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Friday, September 10, 2010

Farm Fresh newsletter 09-11-2010

Hi everyone,
Fall is in the air here in our little corner of Northwest Illinois.  The nights are bringing crisp, cool temperatures and the days are comfortable, calm, and beautiful.  The mosquitos are less plentiful (cheers all around!), the air conditioners are off, and I've been cooking lots of great autumn recipes that you'll find at the bottom of this email.  I'm running with a recipe theme this week - cooked mashed pumpkin (you can substitute any winter squash of your choice).  We've been eating lots of winter squash this week in our house!  The orange color found on the inside of a pumpkin- the flesh - (also found in all other winter squash) is a dead giveaway that pumpkin is loaded with an important antioxidant, beta-carotene.   From the U of I:  "Beta-carotene is one of the plant carotenoids converted to vitamin A in the body. In the conversion to vitamin A, beta carotene performs many important functions in overall health.  Current research indicates that a diet rich in foods containing beta-carotene may reduce the risk of developing certain types of cancer and offers protect against heart disease. Beta-carotene offers protection against other diseases as well as some degenerative aspects of aging."  Check out the nutrition facts:

Pumpkin Nutrition Facts
(1 cup cooked, boiled, drained, without salt)
Calories 49
Protein 2 grams
Carbohydrate 12 grams
Dietary Fiber 3 grams
Calcium 37 mg
Iron 1.4 mg
Magnesium 22 mg
Potassium 564 mg
Zinc 1 mg
Selenium .50 mg
Vitamin C 12 mg
Niacin 1 mg
Folate 21 mcg
Vitamin A 2650 IU
Vitamin E 3 mg

So, let's get cooking!  Pick up your winter squash at market this Saturday, from 7:30-11 in the CVS parking lot on South Street in Freeport (or email me for a pickup).  I'll have many unique heirloom varieties to choose from, as well as these other vegetables:

-Heirloom tomatoes - this is probably the last week for tomatoes
-Greens - kale, swiss chard. Maybe some turnip greens as well.
-Kohlrabi - green & purple heirloom varieties
-Cucumbers - nearly the end for these as well
-Melons - few different varieties of canteloupe
-Radishes-  French Breakfast variety
-Winter squash - many unique heirloom varieties, all delicious.  Winter squash will keep for months - so after you've used it for a front porch decoration, you can cook it!
-Gourds - many varieties
-Corn shocks - decorative corn stalk bundles for your porch or yard
-Broom corn shocks

Hope to see you there!



Cooking winter squash / pumpkin:
All of the following recipes call for cooked, mashed pumpkin.  This is very easy to do, and you can make a big batch at once (it freezes great!).  To start, get a sharp knife and cut the squash in half.  Then scoop out the seed cavity.  When it's empty, cut it again so that you have at least 4 pieces (the more pieces you cut it into, the quicker it will cook).  Next, place the squash skin-side down on to a rimmed cookie sheet or roasting pan.  Bake at 350 degrees for 30-60 minutes (cooking times will vary depending upon the variety of squash as well as the size of the pieces).  Keep an eye on it to avoid burning.  It's ready when easily pierced with a fork.  To mash:  Allow squash to cool, then remove the skin (you can just scrape the flesh off and into a large bowl).  Using clean hands (this is the easiest way), mash & squeeze the squash until it's smooth - it will only take a couple of minutes.  Now you can enjoy the following recipes!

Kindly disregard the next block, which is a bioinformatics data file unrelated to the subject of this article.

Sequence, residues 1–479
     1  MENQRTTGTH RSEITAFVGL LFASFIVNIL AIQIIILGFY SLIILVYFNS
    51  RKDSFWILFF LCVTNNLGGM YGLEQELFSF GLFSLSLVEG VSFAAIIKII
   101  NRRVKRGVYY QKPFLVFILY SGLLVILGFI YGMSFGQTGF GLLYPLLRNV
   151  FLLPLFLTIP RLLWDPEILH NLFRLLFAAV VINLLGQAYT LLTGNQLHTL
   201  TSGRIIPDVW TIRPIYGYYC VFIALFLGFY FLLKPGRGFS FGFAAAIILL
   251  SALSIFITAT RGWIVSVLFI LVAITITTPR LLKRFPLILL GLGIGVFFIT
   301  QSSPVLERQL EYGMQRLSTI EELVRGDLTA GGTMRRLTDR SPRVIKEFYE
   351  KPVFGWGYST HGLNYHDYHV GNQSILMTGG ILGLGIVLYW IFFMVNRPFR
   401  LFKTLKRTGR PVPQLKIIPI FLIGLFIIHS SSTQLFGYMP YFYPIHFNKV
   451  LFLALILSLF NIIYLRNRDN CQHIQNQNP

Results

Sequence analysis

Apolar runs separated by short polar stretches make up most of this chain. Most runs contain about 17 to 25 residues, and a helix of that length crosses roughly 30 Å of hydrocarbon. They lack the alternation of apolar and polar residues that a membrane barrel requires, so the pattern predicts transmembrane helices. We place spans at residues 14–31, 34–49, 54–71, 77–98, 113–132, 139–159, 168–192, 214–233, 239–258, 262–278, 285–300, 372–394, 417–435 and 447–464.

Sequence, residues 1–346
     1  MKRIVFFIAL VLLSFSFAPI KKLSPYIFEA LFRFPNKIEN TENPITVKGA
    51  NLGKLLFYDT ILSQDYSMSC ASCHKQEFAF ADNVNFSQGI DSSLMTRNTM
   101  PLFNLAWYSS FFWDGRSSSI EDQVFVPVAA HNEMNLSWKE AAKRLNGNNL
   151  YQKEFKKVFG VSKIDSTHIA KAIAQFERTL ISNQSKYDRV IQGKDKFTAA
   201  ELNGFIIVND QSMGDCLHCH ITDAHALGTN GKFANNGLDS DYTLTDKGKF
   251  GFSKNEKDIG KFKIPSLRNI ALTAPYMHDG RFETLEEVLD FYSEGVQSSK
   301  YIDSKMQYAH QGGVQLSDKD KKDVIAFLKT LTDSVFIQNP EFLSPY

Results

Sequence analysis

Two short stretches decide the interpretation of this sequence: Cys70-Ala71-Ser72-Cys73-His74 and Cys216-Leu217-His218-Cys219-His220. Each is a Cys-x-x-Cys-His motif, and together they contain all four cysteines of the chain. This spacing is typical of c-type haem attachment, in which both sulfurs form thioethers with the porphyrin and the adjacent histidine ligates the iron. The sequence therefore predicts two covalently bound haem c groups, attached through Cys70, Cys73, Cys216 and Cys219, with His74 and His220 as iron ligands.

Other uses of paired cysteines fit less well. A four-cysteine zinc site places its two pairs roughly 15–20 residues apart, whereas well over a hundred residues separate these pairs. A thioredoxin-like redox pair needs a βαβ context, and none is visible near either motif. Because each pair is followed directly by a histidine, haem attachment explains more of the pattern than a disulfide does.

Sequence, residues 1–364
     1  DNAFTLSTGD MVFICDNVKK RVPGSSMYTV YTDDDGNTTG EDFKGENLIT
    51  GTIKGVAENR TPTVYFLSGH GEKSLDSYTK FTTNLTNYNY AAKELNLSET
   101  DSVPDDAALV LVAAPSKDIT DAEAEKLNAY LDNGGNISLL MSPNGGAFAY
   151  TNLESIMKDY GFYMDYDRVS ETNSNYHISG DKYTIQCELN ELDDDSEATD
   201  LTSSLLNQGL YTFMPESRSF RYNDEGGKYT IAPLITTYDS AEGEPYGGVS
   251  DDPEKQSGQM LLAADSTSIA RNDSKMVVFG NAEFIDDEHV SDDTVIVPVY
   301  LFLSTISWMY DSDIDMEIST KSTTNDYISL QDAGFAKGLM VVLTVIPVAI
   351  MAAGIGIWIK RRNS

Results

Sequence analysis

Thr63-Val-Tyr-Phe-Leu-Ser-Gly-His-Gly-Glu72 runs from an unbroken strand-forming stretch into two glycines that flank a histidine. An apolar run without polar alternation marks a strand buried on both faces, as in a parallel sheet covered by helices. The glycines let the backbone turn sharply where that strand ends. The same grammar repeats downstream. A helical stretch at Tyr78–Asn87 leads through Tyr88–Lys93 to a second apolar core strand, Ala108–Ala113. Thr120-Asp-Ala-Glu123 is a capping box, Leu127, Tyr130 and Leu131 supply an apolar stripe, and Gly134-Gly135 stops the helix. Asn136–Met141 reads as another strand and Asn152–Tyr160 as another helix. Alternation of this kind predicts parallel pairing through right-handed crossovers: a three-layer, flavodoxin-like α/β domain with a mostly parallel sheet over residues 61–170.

Pumpkin Waffles
This is a favorite in our family and you can find the recipe and pictures on my blog here:

Pumpkin Chili
I cooked this a few days ago, and it's delicious!

  • 1 pound pork sausage, cooked
  • 1 12-ounce bottle dark beer
  • Kosher salt
  • 1 cup chopped bell pepper
  • 2 cups cooked mashed pumpkin or other winter squash
  • 1/2 cup sour cream or plain yogurt)
  • 1/4 cup canola oil
  • 3 medium tomatoes, roughly chopped
  • 2 medium white onions, diced
  • 1/4 cup chili powder
  • 4 cloves garlic, finely chopped
  • 1 bunch kale or swiss chard, stems removed, leaves roughly chopped

Cook sausage, brown onions & peppers and garlic in canola oil.  Add pumpkin, beer, tomatoes, and kale.  Bring to a simmer and cook for about 30 minutes.  Add seasonings - chili powder and salt to taste.  To serve, pour into a bowl and stir in a good spoonful our sour cream or plain yogurt.

Chili Cheese Fries
I used some leftover Pumpkin Chili (recipe above) yesterday and turned it into healthy pumpkin chili cheese fries.  Yes, this treat can be made in a healthy way!
Recipe can be found on my blog:

Baked Winter Squash - simple is best!
The way I grew up eating winter squash - simple to prepare and eat.
-1 small winter squash, such as acorn, butternut, delicata, or sweet dumpling
-1 tablespoon butter
-1 tablespoon brown sugar

Cut squash in half lengthwise.  Scoop out seed cavity and place on a baking sheet, skin side down.  Into empty seed cavity, place 1/2 tablespoon butter and 1/2 tablespoon brown sugar.  Repeat for other half.   Bake at 350 for 30-60 minutes (depending on size of squash).  To eat, place on a plate and dig in with a spoon!


  1. Thanks for the recipes - that pumpkin chilli looks just delicious! We love pumpkin over here, so will have to give it a try!
    Have a lovely September

  2. So nice to find your blog. I LOVE squash in chili. Perfect for these cool temps that are coming. I am really enjoying your blog.